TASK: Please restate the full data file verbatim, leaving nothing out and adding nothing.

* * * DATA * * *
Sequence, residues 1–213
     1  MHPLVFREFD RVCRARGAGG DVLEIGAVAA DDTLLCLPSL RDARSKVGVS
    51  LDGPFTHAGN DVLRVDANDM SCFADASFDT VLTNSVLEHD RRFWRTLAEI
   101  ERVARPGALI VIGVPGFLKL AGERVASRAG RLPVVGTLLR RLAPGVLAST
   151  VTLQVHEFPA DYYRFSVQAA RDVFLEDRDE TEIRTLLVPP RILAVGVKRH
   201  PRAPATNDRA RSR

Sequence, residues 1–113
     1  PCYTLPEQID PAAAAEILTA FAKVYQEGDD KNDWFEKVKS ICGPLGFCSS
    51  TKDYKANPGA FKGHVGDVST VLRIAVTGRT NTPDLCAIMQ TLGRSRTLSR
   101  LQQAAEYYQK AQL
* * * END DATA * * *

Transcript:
Sequence, residues 1–213
     1  MHPLVFREFD RVCRARGAGG DVLEIGAVAA DDTLLCLPSL RDARSKVGVS
    51  LDGPFTHAGN DVLRVDANDM SCFADASFDT VLTNSVLEHD RRFWRTLAEI
   101  ERVARPGALI VIGVPGFLKL AGERVASRAG RLPVVGTLLR RLAPGVLAST
   151  VTLQVHEFPA DYYRFSVQAA RDVFLEDRDE TEIRTLLVPP RILAVGVKRH
   201  PRAPATNDRA RSR

Sequence, residues 1–113
     1  PCYTLPEQID PAAAAEILTA FAKVYQEGDD KNDWFEKVKS ICGPLGFCSS
    51  TKDYKANPGA FKGHVGDVST VLRIAVTGRT NTPDLCAIMQ TLGRSRTLSR
   101  LQQAAEYYQK AQL